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Apr 13, 2010
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Wine With . . . Steak Fajitas

by Paul Lukacs and Marguerite Thomas

The culinary tradition from which fajitas emerged lies deep in the heart of Texas.  Like many Tex-Mex favorites, this one is likely related to an old Mexican specialty.  In this case it’s arracheros, cuts of beef cooked over open fires that fed the vaqueros who worked roundups across the border.  The cuts consisted of scraps left over from butchering cattle, all the parts that couldn’t be sold commercially, such as the head and heart, the tripe, the tail, and the trimmings, which included skirt steak.  Eventually, fajitas segued from cowboy campfires to Tex-Mex restaurants, where the dish’s ongoing popularity may have something to do with the fact that it is often carried to the table sizzling dramatically on a hot metal platter.   

Although the original fajitas were made only from skirt steak, any number of different cuts and types of meat are used today, from steak, to pork, to chicken, and even shrimp.  Cooked sliced onions are traditional accompaniments, and many people like to include sliced sautéed bell peppers as well.  In restaurants, fajitas are commonly served with heaps of sour cream, grated cheese, salsa, and guacamole, but we take a more minimalist view.  We think the dish tastes best -- and certainly is friendlier to wine -- with less adornment.   The most delicious fajitas involve not much more than grilled or pan seared steak, cut in thin slices against the grain, tucked into a soft, warm flour tortilla and topped with a spoonful of sautéed onions.  Add a splash of lime juice, a flash of hot sauce, and roll the whole thing up.  Oh okay, go ahead and add some guacamole; after all, everything tastes better with guac.

FAJITAS

Serves 4

1 or 2 skirt steaks, about 12 ounces total

Salt and pepper to taste

2 tablespoons fresh lime juice

1 teaspoon grated lime peel

3 garlic cloves, very finely minced

½ jalapeño pepper (or more, depending on desired level of heat), very finely minced

1 tablespoon Sriracha or other hot sauce

3 teaspoons cumin

2 tablespoons olive oil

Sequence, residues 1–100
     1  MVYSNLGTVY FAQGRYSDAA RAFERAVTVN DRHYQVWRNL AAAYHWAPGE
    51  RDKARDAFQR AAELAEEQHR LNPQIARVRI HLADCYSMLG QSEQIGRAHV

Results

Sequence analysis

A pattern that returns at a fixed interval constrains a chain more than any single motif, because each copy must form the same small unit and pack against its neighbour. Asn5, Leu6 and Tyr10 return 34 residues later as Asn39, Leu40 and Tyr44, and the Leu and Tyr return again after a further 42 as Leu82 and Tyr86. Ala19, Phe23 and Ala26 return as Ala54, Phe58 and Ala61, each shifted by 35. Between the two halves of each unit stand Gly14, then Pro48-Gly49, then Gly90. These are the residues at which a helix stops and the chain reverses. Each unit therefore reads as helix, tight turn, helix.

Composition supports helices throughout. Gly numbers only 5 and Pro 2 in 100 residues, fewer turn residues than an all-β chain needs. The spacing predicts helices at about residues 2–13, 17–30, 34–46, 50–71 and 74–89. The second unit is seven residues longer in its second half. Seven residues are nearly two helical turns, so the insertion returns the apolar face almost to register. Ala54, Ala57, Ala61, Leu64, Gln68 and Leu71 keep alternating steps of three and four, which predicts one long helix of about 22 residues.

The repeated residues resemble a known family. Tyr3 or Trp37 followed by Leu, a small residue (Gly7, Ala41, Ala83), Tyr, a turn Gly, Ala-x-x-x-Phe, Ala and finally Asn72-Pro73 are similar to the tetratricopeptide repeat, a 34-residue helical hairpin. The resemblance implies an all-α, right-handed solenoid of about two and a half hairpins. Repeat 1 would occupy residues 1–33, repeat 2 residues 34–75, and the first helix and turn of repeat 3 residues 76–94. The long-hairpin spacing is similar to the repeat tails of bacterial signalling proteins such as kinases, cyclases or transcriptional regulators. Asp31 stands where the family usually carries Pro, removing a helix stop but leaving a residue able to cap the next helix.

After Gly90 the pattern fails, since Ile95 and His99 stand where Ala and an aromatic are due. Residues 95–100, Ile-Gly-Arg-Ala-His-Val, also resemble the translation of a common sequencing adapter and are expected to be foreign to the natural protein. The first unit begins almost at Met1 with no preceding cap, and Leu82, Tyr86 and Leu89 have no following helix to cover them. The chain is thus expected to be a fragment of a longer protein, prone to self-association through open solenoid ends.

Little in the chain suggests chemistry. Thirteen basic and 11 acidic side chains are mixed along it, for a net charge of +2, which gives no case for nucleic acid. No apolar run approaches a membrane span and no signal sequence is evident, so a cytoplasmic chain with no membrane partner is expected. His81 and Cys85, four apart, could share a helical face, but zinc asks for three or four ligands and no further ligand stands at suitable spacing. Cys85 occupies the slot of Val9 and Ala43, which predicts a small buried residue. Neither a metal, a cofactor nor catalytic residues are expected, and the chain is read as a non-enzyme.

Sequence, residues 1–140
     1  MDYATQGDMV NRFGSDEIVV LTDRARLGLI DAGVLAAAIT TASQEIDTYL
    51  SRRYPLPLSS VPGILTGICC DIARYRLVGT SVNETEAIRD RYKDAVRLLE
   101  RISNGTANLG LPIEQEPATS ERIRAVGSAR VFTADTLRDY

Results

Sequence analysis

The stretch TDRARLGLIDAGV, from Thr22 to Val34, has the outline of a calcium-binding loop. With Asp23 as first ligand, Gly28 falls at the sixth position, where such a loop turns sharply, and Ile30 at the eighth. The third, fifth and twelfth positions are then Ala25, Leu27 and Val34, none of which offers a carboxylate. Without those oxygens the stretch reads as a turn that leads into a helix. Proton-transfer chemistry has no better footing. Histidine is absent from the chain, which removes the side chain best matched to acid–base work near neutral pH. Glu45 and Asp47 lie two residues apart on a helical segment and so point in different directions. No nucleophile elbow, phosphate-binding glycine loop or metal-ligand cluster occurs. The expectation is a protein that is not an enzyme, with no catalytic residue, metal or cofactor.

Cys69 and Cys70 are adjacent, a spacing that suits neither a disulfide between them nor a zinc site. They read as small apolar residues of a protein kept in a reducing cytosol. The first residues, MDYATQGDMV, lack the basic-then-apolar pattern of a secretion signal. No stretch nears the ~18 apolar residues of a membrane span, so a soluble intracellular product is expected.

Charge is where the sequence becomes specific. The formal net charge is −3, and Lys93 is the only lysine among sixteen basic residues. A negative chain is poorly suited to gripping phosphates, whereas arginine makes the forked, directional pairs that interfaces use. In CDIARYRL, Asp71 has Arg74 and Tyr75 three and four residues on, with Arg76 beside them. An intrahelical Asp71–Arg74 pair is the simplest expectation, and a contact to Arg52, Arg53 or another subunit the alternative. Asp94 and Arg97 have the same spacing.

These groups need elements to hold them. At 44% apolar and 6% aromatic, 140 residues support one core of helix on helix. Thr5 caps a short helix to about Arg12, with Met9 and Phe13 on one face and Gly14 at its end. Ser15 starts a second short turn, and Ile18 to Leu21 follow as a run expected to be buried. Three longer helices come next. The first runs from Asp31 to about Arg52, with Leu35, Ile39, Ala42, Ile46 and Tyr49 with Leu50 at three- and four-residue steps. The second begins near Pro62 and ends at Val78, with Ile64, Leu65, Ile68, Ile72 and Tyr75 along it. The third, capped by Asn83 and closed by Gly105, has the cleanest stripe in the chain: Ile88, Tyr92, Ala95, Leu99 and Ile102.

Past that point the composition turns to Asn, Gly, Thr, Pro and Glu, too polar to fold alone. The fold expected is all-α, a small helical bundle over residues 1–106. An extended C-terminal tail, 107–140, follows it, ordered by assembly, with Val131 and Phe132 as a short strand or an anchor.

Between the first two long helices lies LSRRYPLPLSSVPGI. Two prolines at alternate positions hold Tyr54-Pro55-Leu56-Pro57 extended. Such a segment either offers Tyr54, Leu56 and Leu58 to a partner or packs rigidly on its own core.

1 large onion

2 tablespoons olive oil

Warm flour tortillas

Extra sauce to pass at the table

Season the steaks with salt and pepper.  Mix together the lime juice and grated peel, the garlic, hot sauce and cumin.  Place the steaks in a deep-sided glass dish or a zip lock bag and pour half the lime juice mixture over it, reserving the rest for later use.  Let the meat marinate 10 to 30 minutes. Cut the onion in half lengthwise and slice it thinly.  Pour the olive oil into a skillet, add the onion slices and jalapeno, and sauté over medium heat, stirring frequently, until the onions are thoroughly cooked (do not let them brown).  Remove from heat and stir in the remaining lime juice mixture.  Grill the steak (or sear it over high heat on the stove top) to desired doneness, then slice it against the grain into strips about ½ inch thick.  Serve the fajitas, topped with onions, in warm tortillas.

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We tried twelve different red wines with our fajitas.  Since we tend to think of this dish as a casual one, we kept the prices relatively low, with $20 being the ceiling for any single bottle.  The wines that fared best all shared certain characteristics.  They were youthful and exuberant, with overt red and black fruit flavors, easy to drink and not especially complex.  Wines with a more earthy, multi-faceted personality (a Côtes-du-Rhône, for example, and a New Zealand Pinot Noir) tended to get lost when having to compete not just with the meat but also with the onions, hot sauce, and guacamole.  So if you’re making fajitas, especially for a party, there’s no need to spring for a super-fancy wine.  Look instead for one whose appeal comes from the simplicity of unbridled youth.  

 

Selection

Approx. Price

Comments

 

 

 

Calina, Valle del Maule (Chile) Cabernet Sauvignon “Reserva” 2008

(Imported by Sovereign Wine Imports)

 

 

 

 

  $11

 

Deep and dark, and like so many Chilean Cabs at this low price point, offering excellent balance and harmony, this wine was the star of the evening.  With the fajitas, it tasted as though it should cost two or three times as much.

 

 

 

Morgan, Monterey (California) “Cote du Crow’s” 2008

 

 

  $16

 

This blend of 55% Syrah and 45% Grenache offers hints of black pepper in the finish, but the dominant flavors resemble dark cherries and juicy plums.  That fruit-filled quality was what made it so enjoyable with our fajitas.  

 

 

 

Finca La Linda, Luján de Cuyo Mendoza (Argentina) Malbec 2008

(Imported by Testa Wines)

 

 

 

 

 $11

 

Softer on the palate than many Argentinean Malbecs, this wine had just enough of a tannic structure to work with this particular dish. Steak fajitas are fairly substantial.  We found that wines that are soft or light in body can’t hold up to them. 

 

 

 

Purple Cowboy, Paso Robles (California) “Tenacious Red” 2007

 

 

 

 

 

$12

 

 

A blend of Cabernet Sauvignon and Syrah, this wine tasted so juicy as to seem almost grapey when sipped on its own, but gained depth when enjoyed with the fajitas.  Many California red blends in this price category prove disappointing.  This one delighted us.

 

 

 

 


 

 

Rancho Zabaco, Sonoma County (California) Zinfandel “Heritage Vines” 2008

 

 

 

 

 $17

 

 

While another Zinfandel that we tried seemed too hot and heavy, this well-balanced one made a very attractive dinner partner.  Its ripe fruit and briary undertones were just what the fajitas needed to taste complete.